The following is a staff writer post from MikeS. He is a married father of 2. So, with the cat, he ranks number 5 in the house. He loves numbers and helping people. Please leave any questions or comments below for either Mike or Crystal.
It happened again, I fell for click bait. This time it was from a Forbes article. The title I fell for was “Why You Need to Stop Spending Money Right Now”. The gist of the article is that Americans in general are going back into debt, deeper than they were previously.
Whew, I can keep spending money, as my debt has never been as low as it is right now. 😉 Let’s walk through some of the information in the article and compare how I stack up against the averages.
Total Household Debt
The article begins by discussing the increase in household debt from 2015 to 2016. It uses scary numbers; debt increased $460 billion to $12.6 trillion. Those are large numbers to be sure, but when you do the math, that’s only an increase of 3.8%. We are not exactly talking about a gigantic jump.
Any increase is probably bad given the state of the average Americans finances. For me personally, my debt went down from 2015 to 2016. It wasn’t anything crazy, my best guess would be about a $10,000 decrease between the car loan and the mortgage. It will go down an additional $14,000 this year. It may go up again slightly in 2018 as we are due to replace one of our vehicles. That new debt may be offset by the decrease in the mortgage, but probably not completely.
One of the next statistics discussed is how the average American spends $1.33 for every dollar earned. Now, this one to me is certainly more alarming. That is a sure fire way to dig yourself a nice deep hole. I’m quite familiar with digging holes. When I finally became serious about my finances and started tracking my net worth, it was -$19,000. The year before that, I’m sure it was even worse. So, I get it.
It’s easy to say well, it’s only a little more, I’ll catch up eventually. Truth is, until you start spending less than a $1 for every dollar you earn, your hole will continue to get deeper. Comparing what I save to what I earn, I calculate that I spend $0.92 for every dollar that I earn. Sure that probably could be better, but that doesn’t take into account my company’s 401K match or the money that I set aside in my HSA (health savings account), some of that is saved and carried forward.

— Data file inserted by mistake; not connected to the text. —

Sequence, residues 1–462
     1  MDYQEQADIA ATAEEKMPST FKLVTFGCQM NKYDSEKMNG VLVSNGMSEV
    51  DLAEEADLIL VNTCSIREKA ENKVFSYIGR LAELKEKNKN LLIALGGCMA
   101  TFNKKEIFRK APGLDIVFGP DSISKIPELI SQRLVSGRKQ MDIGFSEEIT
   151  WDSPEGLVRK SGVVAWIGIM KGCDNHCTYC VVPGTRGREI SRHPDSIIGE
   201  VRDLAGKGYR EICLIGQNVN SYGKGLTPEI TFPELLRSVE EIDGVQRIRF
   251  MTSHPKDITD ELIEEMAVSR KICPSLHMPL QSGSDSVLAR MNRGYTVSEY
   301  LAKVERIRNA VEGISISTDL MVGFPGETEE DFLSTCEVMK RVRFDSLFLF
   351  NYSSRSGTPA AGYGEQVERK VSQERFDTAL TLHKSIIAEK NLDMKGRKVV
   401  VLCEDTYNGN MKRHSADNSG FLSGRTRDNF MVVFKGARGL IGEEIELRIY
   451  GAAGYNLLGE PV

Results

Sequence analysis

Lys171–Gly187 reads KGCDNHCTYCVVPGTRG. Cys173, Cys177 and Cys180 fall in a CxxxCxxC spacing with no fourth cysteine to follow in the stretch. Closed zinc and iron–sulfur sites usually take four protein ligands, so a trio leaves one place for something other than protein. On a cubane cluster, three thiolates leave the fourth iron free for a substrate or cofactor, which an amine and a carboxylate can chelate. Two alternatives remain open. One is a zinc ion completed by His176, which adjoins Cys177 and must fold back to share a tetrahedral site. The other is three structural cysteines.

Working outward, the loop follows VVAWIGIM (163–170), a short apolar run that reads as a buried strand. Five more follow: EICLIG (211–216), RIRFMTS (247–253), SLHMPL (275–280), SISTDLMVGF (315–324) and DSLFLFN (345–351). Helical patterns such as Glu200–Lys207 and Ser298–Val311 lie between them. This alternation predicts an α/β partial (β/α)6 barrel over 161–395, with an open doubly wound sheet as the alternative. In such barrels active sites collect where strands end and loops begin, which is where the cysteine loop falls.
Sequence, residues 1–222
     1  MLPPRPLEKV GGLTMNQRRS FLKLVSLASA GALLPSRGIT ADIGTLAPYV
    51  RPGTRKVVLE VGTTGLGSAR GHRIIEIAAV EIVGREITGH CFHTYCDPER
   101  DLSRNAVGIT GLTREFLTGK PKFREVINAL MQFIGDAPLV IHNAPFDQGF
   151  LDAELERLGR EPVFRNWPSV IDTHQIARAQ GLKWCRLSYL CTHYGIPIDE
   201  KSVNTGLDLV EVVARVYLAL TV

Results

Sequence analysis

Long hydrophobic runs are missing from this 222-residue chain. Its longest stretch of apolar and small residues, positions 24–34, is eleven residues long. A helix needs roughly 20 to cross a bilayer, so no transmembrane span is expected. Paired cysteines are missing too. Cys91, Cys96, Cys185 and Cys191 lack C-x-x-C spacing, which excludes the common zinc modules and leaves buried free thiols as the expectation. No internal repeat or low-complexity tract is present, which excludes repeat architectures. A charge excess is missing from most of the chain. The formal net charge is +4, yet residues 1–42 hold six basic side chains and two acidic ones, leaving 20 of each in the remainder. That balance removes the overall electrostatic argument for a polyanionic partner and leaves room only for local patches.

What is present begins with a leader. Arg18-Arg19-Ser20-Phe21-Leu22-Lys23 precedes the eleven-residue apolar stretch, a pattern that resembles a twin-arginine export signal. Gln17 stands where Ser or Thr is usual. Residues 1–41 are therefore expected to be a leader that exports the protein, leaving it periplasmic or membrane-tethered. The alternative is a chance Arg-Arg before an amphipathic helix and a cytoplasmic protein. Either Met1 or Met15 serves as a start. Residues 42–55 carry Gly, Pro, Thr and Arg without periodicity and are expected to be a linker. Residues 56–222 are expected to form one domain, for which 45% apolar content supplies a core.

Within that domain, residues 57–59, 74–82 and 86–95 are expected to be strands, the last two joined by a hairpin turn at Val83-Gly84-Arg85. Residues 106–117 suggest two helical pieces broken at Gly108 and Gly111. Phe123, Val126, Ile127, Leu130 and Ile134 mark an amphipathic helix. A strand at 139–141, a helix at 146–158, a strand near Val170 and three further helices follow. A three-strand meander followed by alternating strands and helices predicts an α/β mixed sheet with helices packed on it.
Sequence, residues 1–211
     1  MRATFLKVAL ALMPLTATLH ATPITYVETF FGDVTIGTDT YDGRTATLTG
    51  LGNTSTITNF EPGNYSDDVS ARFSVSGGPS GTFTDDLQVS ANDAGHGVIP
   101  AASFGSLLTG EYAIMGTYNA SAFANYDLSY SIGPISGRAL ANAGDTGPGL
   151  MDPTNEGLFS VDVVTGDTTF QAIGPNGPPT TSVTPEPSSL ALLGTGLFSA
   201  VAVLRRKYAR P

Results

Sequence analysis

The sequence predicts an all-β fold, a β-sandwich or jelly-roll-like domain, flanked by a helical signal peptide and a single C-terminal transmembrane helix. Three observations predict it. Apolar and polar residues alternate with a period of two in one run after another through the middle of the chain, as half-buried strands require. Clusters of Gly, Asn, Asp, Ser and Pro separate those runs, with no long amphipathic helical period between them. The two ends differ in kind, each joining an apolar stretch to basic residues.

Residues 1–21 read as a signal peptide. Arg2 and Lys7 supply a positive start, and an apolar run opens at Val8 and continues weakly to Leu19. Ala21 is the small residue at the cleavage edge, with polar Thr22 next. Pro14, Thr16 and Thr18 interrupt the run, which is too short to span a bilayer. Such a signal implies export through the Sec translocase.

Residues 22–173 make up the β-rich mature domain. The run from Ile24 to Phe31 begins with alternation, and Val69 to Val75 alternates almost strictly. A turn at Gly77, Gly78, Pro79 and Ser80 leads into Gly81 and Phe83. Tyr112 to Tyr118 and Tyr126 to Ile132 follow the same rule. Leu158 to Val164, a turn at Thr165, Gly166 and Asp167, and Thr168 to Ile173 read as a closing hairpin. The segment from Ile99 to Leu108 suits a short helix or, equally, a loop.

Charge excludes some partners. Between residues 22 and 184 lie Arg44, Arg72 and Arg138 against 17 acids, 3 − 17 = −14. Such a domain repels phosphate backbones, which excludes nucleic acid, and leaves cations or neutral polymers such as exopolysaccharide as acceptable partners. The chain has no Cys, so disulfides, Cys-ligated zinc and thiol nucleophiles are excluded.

I will say that I try to keep my expenses in check as best I can. Things like groceries and the cable bill are ones that I am always trying to either reduce or at least minimize the increase. Over the past 5 years, items that I consider core expenses, like groceries, gas and cable; I have managed to keep them flat in total. That’s helped me to gradually increase my 401K contributions and fully fund my HSA every year.
Ways to Break Out of the Debt Cycle
The article then begins to talk about different ways to help people eliminate debt. They are the same things that we have all heard before, things such as earn more, automate your savings, track your spending, and have insurance to protect yourself from giant emergencies. Even doctor’s can get specialty policies like doctor disability insurance so they can cover their (most likely) larger bills if disabled.
The one thing that I would say someone really needs to break the debt cycle is desire. You have to want to get out, because it is not easy. It takes work and discipline to delay gratification. Years ago I was guilty of buying things that I couldn’t afford. It wasn’t until I committed to breaking out of debt did I finally start seeing a difference. My net worth shows it, -$19,000 at the end of 2008 to roughly $210,000 right now. It can be done, but you have to work at it and you have to want it.
Looks Like I Don’t Have to Stop Spending
The article isn’t really meant for someone like me, someone who is already spending less than they make and someone who tries to avoid debt. It was interesting to compare myself to the averages and I hope to never be back to those averages again. How are your numbers in comparison?
From Crystal: I think we were getting pretty close to the danger zone earlier this year with hubby’s new car loan…even though it’s at 0%, $392 a month was a big jump in our monthly bills. But my $280 monthly car expense (a 0.9% loan we don’t want to pay off early) is disappearing in about 6 months, so we’ll be back to spending about 75-80 cents for every $1 we earn.
FYI: I worked at a dead end cubicle job from 2005-2011 for about $30,000 per year. I went self-employed in July 2011 and make between $70,000-$90,000 through blogging, professional pet sitting, hubby's reffing, and our rental home. If you’d like to start your own site (link to my free step-by-step guide), I highly suggest checking out Bluehost (my referral link with a nice discount for you, PLUS a free custom header banner from me!). Please contact me any time at budgetingfunstuff*at*gmail*dot*com with questions or just to brainstorm! I’d love to help!